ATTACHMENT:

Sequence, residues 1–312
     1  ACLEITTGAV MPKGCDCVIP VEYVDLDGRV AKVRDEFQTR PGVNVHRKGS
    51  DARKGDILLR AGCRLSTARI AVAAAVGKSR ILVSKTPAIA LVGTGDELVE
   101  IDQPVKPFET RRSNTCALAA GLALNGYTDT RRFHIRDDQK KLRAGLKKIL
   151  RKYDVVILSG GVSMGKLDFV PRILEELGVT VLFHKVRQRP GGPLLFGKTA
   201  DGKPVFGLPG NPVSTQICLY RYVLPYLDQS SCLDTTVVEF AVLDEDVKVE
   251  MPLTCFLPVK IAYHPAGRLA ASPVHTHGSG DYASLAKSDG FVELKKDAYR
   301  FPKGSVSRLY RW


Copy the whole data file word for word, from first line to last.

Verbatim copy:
Sequence, residues 1–312
     1  ACLEITTGAV MPKGCDCVIP VEYVDLDGRV AKVRDEFQTR PGVNVHRKGS
    51  DARKGDILLR AGCRLSTARI AVAAAVGKSR ILVSKTPAIA LVGTGDELVE
   101  IDQPVKPFET RRSNTCALAA GLALNGYTDT RRFHIRDDQK KLRAGLKKIL
   151  RKYDVVILSG GVSMGKLDFV PRILEELGVT VLFHKVRQRP GGPLLFGKTA
   201  DGKPVFGLPG NPVSTQICLY RYVLPYLDQS SCLDTTVVEF AVLDEDVKVE
   251  MPLTCFLPVK IAYHPAGRLA ASPVHTHGSG DYASLAKSDG FVELKKDAYR
   301  FPKGSVSRLY RW